On or about May 1, 1991, Christopher Edwards Companies, Inc. ("Edwards") sold 1,980 cases of lemon meringue pie to San Juan Supply Corporation for ultimate delivery to Burger King Corporation. The pies were shipped from the Edwards' facility in Atlanta, Georgia, to Jacksonville, Florida, via a truck owned by Joseph Land & Company ("Land"). The bill of lading required the cargo to be maintained between zero and ten degrees. Upon arrival in Jacksonville, it was determined that the temperature of the cargo area of the truck was 65 degrees. The pies were returned to Atlanta where they were rejected by Edwards. Edwards later filed suit to recover the value of the pies.
In its complaint, Edwards set forth a state law negligence claim against Land. In its motion for summary judgment, Edwards argued that OCGA 46-9-1
requires common carriers to exercise extraordinary diligence in transporting goods and Land had failed to exercise such diligence. After Land agreed to stipulate to liability but not damages, the trial court issued an order granting Edwards summary judgment as to liability and a hearing on the issue of damages was set. After conducting a bench trial on the issue of damages the trial court found in favor of Edwards and awarded it damages in the amount of $30,231.44 in principal and $4,982.14 in interest. Following denial of its motion for new trial, Land appeals.
For the first time on appeal, Land raises the argument that the Carmack Amendment to the Interstate Commerce Act, 49 USC 11707 (a) (1) provides the exclusive remedy of an interstate shipper against a common carrier for damages to goods. It is well settled that the Carmack Amendment pre-empts state law remedies against common carriers for negligent loss or damage to goods shipped under a lawful bill of lading. Underwriters at Lloyds of London v. North American Van Lines, 890 F2d 1112, 1113 (10th Cir. 1989); Intech, Inc. v. Consolidated Freightways, 836 F2d 672, 677 (1st Cir. 1987); Hughes v. United Van Lines, 829 F2d 1407, 1412-1415 (7th Cir. 1987), cert. denied, 485 U. S. 913 (108 SC 1068, 99 LE2d 248) (1988); and cases cited therein. Parties cannot waive application of the Carmack Amendment and elect to proceed under state law remedies. Hughes, 829 F2d at 1415. Our review of the record reveals that the applicability of the Carmack Amendment was never raised below and the trial court did not have an opportunity to properly consider this case in light of this controlling federal law. For this reason we must vacate the judgment of the trial court and remand this case for consideration under the Carmack Amendment and further proceedings consistent with this opinion.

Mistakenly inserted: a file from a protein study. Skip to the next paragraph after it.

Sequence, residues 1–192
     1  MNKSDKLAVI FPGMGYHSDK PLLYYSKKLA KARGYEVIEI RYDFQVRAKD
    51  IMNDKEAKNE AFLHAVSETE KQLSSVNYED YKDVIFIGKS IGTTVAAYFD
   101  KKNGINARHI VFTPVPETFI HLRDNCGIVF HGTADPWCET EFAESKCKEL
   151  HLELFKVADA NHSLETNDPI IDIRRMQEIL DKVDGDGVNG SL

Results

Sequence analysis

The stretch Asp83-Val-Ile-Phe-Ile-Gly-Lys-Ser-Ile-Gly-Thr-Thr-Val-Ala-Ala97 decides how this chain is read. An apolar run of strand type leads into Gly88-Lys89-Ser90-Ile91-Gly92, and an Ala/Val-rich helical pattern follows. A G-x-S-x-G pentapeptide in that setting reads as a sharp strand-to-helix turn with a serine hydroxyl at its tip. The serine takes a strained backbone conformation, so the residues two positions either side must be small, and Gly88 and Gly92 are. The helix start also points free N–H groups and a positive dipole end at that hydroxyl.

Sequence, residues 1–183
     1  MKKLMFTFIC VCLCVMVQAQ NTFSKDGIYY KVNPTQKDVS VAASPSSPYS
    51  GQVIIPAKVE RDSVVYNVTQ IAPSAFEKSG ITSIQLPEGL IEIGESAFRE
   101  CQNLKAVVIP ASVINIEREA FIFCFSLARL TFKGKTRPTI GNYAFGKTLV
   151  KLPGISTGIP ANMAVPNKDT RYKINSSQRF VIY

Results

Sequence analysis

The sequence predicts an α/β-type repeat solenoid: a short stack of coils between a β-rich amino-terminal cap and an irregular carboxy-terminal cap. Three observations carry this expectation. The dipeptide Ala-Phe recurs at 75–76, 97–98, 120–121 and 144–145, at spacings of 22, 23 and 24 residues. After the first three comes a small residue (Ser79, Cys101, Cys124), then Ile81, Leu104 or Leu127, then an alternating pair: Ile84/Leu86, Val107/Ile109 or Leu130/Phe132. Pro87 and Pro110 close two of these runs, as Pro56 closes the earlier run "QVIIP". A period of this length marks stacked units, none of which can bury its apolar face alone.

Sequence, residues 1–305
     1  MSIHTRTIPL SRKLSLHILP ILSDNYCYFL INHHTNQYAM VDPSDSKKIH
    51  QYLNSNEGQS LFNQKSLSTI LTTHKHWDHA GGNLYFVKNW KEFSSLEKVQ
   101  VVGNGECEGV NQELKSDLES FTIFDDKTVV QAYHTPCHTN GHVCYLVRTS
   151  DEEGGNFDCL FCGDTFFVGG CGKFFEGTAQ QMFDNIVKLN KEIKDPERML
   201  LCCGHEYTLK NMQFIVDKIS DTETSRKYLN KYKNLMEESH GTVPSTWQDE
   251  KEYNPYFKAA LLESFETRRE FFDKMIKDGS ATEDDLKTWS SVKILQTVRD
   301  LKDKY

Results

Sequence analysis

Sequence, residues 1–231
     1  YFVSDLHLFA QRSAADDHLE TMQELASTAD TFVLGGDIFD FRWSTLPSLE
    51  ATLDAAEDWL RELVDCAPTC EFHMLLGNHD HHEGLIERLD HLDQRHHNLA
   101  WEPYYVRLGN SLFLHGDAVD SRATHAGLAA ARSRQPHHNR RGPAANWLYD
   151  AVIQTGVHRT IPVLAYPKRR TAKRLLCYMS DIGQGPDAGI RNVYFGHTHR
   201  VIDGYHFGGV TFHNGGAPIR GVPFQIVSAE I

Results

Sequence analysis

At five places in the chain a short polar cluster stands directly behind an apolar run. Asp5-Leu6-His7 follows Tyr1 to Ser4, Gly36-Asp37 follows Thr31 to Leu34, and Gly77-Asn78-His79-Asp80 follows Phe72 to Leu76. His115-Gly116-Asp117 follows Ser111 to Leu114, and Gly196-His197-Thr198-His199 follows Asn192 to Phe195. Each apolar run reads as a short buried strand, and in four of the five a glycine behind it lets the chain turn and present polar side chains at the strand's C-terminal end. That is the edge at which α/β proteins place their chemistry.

Sullivan, Hall, Booth & Smith, Jack G. Slover, Jr., Jeffrey T. Wise, for appellee.